Whatever structure you come up with you’ll certainly want to document, distribute and enforce it accordingly. With the approach above it becomes relatively trivial to target single pages or multiple pages in a particular funnel or steps across funnels with a regular expression.

Broken Tests & Dynamic Element Ids

The first Optimizely test I ran on a Marketo landing page started great – big lift right out of the gate. Then at some point the numbers started rapidly converging. If you’ve run a few A/B tests you’ll know that this happens frequently even if the test setup is fine. This time however I thought it looked a little fishy so I opened up the editor and sure enough my test was broken. The variation code wasn’t being applied to the page and when I dug a bit deeper I saw that all of the CSS selectors that I had in the code were invalid. I was in a rush, and rather than stopping and thinking about why this happened I just went in and fixed the selectors and reset the test.

It broke again a few days later. Cue the expletives and my embarrassment while I explained to our client that I really did know how to build a test.

What happened? It turned out that between these events I had gone into the template, added a bit of analytics javascript and approved the page. If you view the source on a Marketo landing page you’ll see a lot of <div> elements with funky looking ids:

marketo lp view source

It turns out those ids are dynamic, meaning that they’ll change every time you update the page, even if those changes don’t affect the DOM. Since everyone (including Optimizely’s WYSIWYG editor) uses ids as the basis for selectors it seems perfectly rational to use these in your variation code and call it a day. Of course the next time the page is approved you’re in trouble.

Warning! This will likely break!

So the solution is to liberally sprinkle in your own element attributes into your landing pages, and use these for the variation code selectors (thereby ensuring they won’t change). Because of some of the limitations of Marketo’s landing page editor you’re going to end up using classes in many places where you would typically use ids, but as long as you keep them unique you should be ok. You’ll probably also have to do some “selector gymnastics” to traverse the DOM correctly with your own custom attributes.

Absolute Positioning

By default Marketo’s landing pages use absolute positioning (Edward Unthank posted an ingenious workaround to enable responsive pages). This is great for a marketer who wants to drag and drop a page but wreak havoc if you’re moving around or removing DOM elements for a test. There’s no quick fix solution that I’m aware of here, just be prepared to deal with repositioning them and other affected elements on the page.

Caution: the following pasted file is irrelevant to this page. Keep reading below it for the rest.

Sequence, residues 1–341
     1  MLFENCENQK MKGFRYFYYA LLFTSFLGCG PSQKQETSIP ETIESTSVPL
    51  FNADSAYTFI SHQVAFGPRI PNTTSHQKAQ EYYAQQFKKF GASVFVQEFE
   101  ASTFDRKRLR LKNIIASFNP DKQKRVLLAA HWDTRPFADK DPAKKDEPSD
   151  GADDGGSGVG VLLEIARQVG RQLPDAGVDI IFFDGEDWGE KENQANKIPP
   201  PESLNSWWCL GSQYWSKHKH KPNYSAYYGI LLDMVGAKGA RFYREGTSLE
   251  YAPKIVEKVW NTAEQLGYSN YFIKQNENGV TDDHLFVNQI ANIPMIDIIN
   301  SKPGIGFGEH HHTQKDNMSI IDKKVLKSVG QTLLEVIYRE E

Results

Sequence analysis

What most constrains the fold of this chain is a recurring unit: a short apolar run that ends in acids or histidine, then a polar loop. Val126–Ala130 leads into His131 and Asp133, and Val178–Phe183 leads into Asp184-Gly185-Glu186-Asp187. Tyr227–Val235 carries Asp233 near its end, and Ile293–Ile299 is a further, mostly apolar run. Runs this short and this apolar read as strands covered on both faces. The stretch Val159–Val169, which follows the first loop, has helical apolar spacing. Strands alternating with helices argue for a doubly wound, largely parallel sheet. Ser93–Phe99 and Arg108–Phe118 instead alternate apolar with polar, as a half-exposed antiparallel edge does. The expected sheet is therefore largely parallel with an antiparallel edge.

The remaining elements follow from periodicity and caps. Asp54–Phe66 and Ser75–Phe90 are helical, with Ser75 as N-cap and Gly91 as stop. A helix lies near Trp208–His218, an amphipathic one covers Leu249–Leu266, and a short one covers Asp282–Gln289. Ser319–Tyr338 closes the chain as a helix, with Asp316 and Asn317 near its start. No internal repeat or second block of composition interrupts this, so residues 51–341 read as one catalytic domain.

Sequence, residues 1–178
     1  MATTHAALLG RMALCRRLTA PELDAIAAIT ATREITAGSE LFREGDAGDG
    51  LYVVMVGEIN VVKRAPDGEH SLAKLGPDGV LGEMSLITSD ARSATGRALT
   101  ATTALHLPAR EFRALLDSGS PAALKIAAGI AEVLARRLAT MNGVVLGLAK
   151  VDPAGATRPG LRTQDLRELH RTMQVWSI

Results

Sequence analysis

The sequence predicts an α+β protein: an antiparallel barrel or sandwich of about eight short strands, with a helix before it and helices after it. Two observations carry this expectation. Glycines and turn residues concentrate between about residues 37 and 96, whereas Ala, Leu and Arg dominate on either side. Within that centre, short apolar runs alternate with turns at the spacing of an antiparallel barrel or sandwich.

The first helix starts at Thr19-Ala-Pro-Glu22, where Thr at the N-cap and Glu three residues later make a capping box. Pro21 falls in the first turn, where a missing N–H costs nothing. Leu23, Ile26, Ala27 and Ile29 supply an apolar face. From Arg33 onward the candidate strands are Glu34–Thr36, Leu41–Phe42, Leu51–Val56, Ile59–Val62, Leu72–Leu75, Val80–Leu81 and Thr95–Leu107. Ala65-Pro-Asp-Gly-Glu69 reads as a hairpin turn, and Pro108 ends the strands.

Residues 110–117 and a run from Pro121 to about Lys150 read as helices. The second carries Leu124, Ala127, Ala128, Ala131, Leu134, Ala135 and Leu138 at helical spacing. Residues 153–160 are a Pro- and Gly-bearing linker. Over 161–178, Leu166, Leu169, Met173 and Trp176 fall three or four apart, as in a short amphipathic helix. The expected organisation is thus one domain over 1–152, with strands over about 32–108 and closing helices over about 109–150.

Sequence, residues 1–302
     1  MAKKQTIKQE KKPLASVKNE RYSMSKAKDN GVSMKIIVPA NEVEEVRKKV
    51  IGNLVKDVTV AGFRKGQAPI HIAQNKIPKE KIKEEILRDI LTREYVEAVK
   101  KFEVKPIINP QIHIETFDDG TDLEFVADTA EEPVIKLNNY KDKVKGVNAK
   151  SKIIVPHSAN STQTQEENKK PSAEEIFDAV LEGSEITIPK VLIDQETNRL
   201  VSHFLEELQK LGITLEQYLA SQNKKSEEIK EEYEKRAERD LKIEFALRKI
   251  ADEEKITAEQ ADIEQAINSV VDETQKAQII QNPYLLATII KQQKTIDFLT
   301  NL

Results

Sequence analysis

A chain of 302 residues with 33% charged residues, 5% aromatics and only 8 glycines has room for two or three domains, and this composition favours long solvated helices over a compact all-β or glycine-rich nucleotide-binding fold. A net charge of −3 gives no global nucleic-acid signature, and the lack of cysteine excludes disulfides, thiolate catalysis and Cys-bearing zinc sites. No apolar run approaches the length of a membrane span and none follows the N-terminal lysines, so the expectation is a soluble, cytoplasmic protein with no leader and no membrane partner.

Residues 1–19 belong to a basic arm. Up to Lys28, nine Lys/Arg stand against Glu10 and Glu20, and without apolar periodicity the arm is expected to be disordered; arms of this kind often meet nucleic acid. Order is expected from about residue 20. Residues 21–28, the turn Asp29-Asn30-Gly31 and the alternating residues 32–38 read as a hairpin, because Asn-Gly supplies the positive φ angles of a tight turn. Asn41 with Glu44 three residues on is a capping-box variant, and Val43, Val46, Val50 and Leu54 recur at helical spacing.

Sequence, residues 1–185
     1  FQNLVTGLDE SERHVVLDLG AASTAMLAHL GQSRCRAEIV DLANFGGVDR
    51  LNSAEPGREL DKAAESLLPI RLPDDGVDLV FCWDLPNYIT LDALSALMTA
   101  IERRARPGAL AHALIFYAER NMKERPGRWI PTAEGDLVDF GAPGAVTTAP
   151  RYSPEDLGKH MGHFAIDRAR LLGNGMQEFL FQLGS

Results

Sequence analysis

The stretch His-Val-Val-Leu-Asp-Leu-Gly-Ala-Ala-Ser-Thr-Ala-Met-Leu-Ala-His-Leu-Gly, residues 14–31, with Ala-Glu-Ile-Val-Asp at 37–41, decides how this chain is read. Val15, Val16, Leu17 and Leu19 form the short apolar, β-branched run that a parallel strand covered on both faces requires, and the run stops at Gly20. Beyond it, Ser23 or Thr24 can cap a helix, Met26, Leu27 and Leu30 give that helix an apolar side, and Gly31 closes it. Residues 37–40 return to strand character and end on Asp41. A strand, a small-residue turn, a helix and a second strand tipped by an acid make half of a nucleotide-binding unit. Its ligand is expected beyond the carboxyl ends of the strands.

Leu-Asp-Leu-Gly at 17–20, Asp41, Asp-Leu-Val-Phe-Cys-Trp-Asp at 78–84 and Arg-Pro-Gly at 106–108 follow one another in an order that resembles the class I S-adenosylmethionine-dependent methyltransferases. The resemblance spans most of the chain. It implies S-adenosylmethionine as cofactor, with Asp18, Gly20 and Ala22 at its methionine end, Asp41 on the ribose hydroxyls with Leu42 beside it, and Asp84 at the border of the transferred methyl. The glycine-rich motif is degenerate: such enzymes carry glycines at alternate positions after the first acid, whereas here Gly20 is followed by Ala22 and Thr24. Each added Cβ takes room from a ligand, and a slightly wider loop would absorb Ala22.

Advanced Topic: Using Marketo Data In Optimizely Experiments

In my opinion the real value of marketing automation platforms like Marketo is the vast amount of lead data they consolidate, and the tools they give you to act upon that data. If you’re building marketing activities with Marketo you can use that rich data to personalize the landing pages or email campaigns and drive much higher conversion rates. But what if you want to use the same data (from Marketo) in Optimizely experiments on your other (non-Marketo) web properties? What if you could create Optimizely audiences from Marketo attributes and use them to personalize the experience in your public-facing website or ecommerce store?

Marketo recently rolled out their RTP (Real-Time Personalization) API, and if you have that in your plan it’s a viable solution (assuming you have developers available to work on it). You can include the RTP snippet in your non-Marketo web property and retrieve the visitor segments from the current user and push them into Optimizely audiences (via the Javascript API). Keep in mind the timing implications here – you’ll want to make sure that Optimizely audiences are set before the snippet loads. You may have to implement a client side cache with something like LocalStorage to make it work.

If you don’t want to go through all of that (and you’ll permit me a shameless plug) we’ve built an integration between Marketo and Optimizely for exactly this purpose. Currently it uses the Marketo SOAP API (more widely available than RTP) and does the heavy lifting in terms of retrieving Marketo data and pushing it into custom Optimizely audiences for your experiments. It’s in private beta as of this writing – so please contact us if you think you have an interesting use case.


I wrote this guide with the hope that it saves someone else some of the challenges that we had to learn. Marketo and Optimizely are two great marketing solutions that are going to continue to evolve and get better with time, and I’d like to update this with better information for the community as that happens. If you’ve worked with the two and have any insights or feedback or if you’re thinking about it and have questions I’d love to hear all of it in the comments.